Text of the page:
Almost half of UK employees travelled to work last week, the Office of National Statistics has revealed this morning, as the country continues to lift its coronavirus lockdowns.
According to the data, 49 per cent of workers commuted to their place of employment in the week ending 28 June, up from 44 per cent the week before.
Likewise, the proportion of those working exclusively from home fell from 33 per cent to 29 per cent over the same period.
After three months where all but those workers deemed essential have been forced to work from home, the statistics are a sign that increasing numbers of people are keen to return to their old style of working as quickly as they can.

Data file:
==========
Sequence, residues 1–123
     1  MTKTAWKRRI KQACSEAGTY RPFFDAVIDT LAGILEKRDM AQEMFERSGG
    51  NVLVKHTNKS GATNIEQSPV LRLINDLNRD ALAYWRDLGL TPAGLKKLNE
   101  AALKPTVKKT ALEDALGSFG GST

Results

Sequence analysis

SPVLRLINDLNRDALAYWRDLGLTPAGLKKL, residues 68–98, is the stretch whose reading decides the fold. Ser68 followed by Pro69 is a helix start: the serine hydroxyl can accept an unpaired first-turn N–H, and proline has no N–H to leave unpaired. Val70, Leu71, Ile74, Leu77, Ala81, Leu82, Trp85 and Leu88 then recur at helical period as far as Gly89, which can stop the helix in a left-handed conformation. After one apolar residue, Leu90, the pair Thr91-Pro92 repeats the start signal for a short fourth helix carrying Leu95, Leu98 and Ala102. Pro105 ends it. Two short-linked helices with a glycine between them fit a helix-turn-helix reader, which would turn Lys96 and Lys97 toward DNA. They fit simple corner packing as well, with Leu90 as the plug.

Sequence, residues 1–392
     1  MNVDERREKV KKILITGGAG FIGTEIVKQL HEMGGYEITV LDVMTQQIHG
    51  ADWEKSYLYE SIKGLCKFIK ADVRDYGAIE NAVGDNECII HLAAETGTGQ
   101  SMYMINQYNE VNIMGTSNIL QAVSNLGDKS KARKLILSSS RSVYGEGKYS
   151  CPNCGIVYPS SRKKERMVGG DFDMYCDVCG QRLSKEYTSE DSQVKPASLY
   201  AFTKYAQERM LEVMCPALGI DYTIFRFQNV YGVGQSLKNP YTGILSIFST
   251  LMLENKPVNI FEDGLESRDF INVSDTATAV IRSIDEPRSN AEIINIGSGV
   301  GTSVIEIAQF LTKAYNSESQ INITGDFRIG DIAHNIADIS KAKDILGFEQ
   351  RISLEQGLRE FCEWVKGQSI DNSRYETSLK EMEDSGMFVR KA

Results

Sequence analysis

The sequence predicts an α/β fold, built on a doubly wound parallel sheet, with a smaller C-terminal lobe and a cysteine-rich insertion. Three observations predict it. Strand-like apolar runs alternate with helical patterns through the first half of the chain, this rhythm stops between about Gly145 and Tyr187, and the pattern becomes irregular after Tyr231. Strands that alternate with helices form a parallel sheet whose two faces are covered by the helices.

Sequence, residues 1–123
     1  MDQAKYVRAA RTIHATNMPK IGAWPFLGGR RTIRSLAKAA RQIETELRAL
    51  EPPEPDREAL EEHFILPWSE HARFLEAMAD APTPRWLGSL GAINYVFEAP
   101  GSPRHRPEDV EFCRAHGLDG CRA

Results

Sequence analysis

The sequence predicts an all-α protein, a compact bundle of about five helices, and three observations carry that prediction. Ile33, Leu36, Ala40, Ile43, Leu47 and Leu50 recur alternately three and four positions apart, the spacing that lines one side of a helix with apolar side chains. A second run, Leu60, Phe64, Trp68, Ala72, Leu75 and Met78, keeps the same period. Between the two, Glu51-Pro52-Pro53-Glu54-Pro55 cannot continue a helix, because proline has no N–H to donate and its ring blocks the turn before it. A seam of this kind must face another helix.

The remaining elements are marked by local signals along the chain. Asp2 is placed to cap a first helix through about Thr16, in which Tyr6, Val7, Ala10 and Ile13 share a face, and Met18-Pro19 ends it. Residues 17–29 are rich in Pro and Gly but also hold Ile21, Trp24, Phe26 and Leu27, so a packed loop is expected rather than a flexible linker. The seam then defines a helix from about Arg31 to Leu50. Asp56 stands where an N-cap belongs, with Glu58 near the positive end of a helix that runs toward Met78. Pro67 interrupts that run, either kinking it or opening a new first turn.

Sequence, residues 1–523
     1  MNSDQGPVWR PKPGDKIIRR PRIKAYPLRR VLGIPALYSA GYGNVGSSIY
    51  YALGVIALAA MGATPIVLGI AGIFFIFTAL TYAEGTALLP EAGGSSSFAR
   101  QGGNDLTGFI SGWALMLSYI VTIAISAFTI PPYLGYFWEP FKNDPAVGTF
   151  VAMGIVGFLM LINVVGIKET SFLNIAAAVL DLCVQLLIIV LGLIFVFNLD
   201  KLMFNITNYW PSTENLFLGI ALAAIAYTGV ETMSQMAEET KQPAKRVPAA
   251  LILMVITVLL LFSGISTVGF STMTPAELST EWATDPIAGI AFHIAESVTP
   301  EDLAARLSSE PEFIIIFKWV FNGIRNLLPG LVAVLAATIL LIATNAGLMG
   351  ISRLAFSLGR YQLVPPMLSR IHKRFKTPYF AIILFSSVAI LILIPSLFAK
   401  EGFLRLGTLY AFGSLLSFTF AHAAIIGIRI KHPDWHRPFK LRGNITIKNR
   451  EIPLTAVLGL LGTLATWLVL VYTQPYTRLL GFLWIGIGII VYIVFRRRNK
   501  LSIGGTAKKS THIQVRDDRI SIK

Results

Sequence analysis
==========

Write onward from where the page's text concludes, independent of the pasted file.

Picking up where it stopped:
This weekend a swathe of new restrictions are set to be relaxed, with the public soon to be able to visit museums, art galleries, pubs, cafes, cinemas and hairdressers.
However, public opinion regarding the lifting of the restrictions has faltered in recent days, with increasing fears that the new rules go too far too fast.
According to pollster YouGov, Public support for hospitality businesses to reopen this weekend has dropped from 64 per cent to 55 per cent while opposition to the new measures has hiked from 29 per cent to 38 per cent.
Almost half of people now think the new changes go too far in relaxing the rules, as BorisJohnson prepares to ditch the two-metre social distancing rule for new “one metre-plus” guidance.
This compares to 37 per cent of people who last week thought the lockdown lifting measures went too far.
The same figure now thinks the balance is “about right”, down from 47 per cent in the wake of Johnson’s announcement.